The liquid composition of the invention suspends the glitter so that it can be sprayed through the atomizer in a fine mist. The liquid is sufficiently non-viscous that it can be sprayed through the pump atomizer 20 and dip tube 30.
The CARBOPOL 941 polymer solution acts as a suspending agent. Preferably, the CARBOPOL 941 polymer is used as a 0.25% solution in water, although other percentage solutions are possible and work equally well. CARBOPOL 941 polymer is a high molecular weight crosslinked homopolymer and copolymer of acrylic acid.
Witch hazel distillate is a clarifying agent to improve the transparency of the solution. Alcohol or a suitable surfactant could be used in place of the witch hazel as a clarifying agent.
Propylene glycol is a diol used as a bridge builder between the water and oil phases of the mixture. The propylene glycol acts as a solvent for other components of the mixture. Other diols with similar properties could be substituted for propylene glycol.
The non-ionic surfactant is selected to solubilize the fragrance oil. TRITON X-100 is one such surfactant, having an HLB (hydrophobic/lipophilic balance) value of 13.5. It is possible to substitute other surfactants having a similar HLB value and which solubilizes the fragrance oil for mixing with the other spray components to form a homogenous solution. Suitable surfactants include ethoxylated alcohols, ethoxylated alkyphenols and block co-polymers having HLB values above 11, and preferably, about 13.5.
The SD Alcohol 39-C acts as a solvent in the solution and decreases the drying time of the spray. Other alcohols, such as I.P.A. (isopropyl alcohol), including other denatured ethyl alcohols, can be substituted, depending on how rapidly the spray needs to dry and/or the solubility requirements of the particular formulation of the spray composition.
Suitable ranges for each of the ingredients making up the liquid are shown in the table below:
Range (wt %)
0.25% solution CARBOPOL 941
polymer (suspending agent)
Distillate (clarifying agent)
TRITON X-100 (non-ionic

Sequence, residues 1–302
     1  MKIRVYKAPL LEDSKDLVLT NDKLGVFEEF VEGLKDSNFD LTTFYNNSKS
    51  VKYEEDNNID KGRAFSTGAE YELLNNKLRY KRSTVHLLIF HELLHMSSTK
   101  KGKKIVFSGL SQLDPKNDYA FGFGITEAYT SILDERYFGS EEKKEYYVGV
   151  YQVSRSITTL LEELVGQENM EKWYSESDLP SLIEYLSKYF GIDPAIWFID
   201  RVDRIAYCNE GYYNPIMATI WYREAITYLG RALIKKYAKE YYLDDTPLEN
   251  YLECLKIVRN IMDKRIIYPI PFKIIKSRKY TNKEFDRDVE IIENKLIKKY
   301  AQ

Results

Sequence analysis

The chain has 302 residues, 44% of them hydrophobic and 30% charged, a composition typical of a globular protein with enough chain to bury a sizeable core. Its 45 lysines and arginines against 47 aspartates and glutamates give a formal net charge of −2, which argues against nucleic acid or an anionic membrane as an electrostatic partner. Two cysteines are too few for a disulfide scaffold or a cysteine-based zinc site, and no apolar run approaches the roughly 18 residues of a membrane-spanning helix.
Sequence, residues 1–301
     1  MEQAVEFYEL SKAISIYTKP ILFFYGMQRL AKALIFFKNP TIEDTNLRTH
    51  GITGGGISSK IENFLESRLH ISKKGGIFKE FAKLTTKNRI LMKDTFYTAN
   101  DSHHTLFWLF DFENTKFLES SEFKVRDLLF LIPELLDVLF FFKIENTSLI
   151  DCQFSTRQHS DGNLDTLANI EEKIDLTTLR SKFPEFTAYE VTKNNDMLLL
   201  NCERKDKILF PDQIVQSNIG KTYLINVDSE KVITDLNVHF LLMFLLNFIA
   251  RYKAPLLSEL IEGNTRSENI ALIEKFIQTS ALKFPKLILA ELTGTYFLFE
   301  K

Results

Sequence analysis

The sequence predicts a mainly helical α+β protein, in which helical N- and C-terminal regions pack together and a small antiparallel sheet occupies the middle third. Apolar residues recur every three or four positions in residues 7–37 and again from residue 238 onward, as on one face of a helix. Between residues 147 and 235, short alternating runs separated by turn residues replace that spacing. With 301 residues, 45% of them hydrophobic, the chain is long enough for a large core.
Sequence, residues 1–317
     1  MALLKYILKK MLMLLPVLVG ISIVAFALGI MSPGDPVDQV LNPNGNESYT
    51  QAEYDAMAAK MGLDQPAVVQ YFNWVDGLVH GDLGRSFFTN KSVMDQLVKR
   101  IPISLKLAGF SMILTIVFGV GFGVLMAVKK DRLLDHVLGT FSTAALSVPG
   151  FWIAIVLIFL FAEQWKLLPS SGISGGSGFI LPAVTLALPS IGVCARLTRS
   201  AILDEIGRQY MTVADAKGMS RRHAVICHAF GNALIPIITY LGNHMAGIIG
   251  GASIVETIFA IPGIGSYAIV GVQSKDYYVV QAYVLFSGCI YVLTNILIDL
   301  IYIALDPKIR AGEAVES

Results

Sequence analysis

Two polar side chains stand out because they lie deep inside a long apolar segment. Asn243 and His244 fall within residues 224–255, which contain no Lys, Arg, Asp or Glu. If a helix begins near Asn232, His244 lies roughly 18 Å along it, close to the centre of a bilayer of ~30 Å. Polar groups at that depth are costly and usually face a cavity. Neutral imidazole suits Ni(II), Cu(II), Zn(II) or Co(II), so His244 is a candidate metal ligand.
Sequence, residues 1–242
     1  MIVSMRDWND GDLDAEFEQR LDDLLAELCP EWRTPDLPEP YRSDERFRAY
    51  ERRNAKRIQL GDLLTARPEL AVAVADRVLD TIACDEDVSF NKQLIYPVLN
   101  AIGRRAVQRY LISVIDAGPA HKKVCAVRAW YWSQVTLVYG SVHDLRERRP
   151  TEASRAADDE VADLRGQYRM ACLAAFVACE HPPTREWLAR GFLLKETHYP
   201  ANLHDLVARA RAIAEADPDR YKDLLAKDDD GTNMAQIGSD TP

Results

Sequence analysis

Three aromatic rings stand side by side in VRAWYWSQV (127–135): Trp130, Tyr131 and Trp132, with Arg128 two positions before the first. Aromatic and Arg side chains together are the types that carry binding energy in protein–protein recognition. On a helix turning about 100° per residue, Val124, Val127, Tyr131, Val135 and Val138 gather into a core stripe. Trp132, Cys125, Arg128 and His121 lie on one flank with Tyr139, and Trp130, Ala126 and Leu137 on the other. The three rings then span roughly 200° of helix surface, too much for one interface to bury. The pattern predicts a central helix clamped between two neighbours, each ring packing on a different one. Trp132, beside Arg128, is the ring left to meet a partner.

SD Alcohol 39-C (200 Proof)
10% TEA solution
The fragrance oil could be any known fragrance, and may be selected for a particular potency or scent. As noted above, the amount of fragrance is preferably between 0.5% and 1.5% by weight, but can be outside this range if needed to provide a suitably strong scent. The composition of the solution may be adjusted to accommodate different fragrance oils used with the invention.
It should be noted that the clarifying agent could be a surfactant. Alternatively, the same clarifying effect can be obtained using more alcohol.
The spray of the invention provides a liquid carrier for glitter. The glitter is suspended in and evenly dispersed throughout the liquid. The liquid and glitter are sprayable and can be dispensed from a spray pump atomizer in a fine mist to impart both a pleasant scent and appearance to linens, clothing and other surfaces.
While a specific embodiment of the invention has been shown and described in detail to illustrate the application of the principles of the invention, it will be understood that the invention may be embodied otherwise without departing from such principles.
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|U.S. Classification||516/7, 239/360, 239/361, 512/1, 222/321.7, 239/355|
|International Classification||D06M23/02, D06Q1/04, D06M13/00, D06M11/83, D06Q1/14, D06P1/00, D06Q1/10, D06M23/06|
|Cooperative Classification||D06M13/005, D06Q1/14, D06Q1/04, D06M11/83, D06M23/06, D06M23/02, D06P1/0012, D06Q1/10, D06P1/0016|
|European Classification||D06Q1/14, D06Q1/04, D06M13/00P, D06P1/00A4, D06Q1/10, D06M11/83, D06P1/00A3, D06M23/06, D06M23/02|
|6 Aug 1999||AS||Assignment|
Owner name: BATH & BODY WORKS, INC., OHIO
Free format text: ASSIGNMENT OF ASSIGNORS INTEREST;ASSIGNORS:LUTZ, ANITA;ZEMBRODT, ANTHONY;REEL/FRAME:010158/0748
Effective date: 19990803
|11 Aug 2004||FPAY||Fee payment|
Year of fee payment: 4
|5 Jun 2008||AS||Assignment|
Owner name: BATH & BODY WORKS BRAND MANAGEMENT, INC., OHIO
Free format text: ASSIGNMENT OF ASSIGNORS INTEREST;ASSIGNOR:BATH & BODY WORKS, INC.;REEL/FRAME:021050/0539
Effective date: 20080515
|20 Aug 2008||FPAY||Fee payment|
Year of fee payment: 8
|8 Oct 2012||REMI||Maintenance fee reminder mailed|
|27 Feb 2013||LAPS||Lapse for failure to pay maintenance fees|
|16 Apr 2013||FP||Expired due to failure to pay maintenance fee|
Effective date: 20130227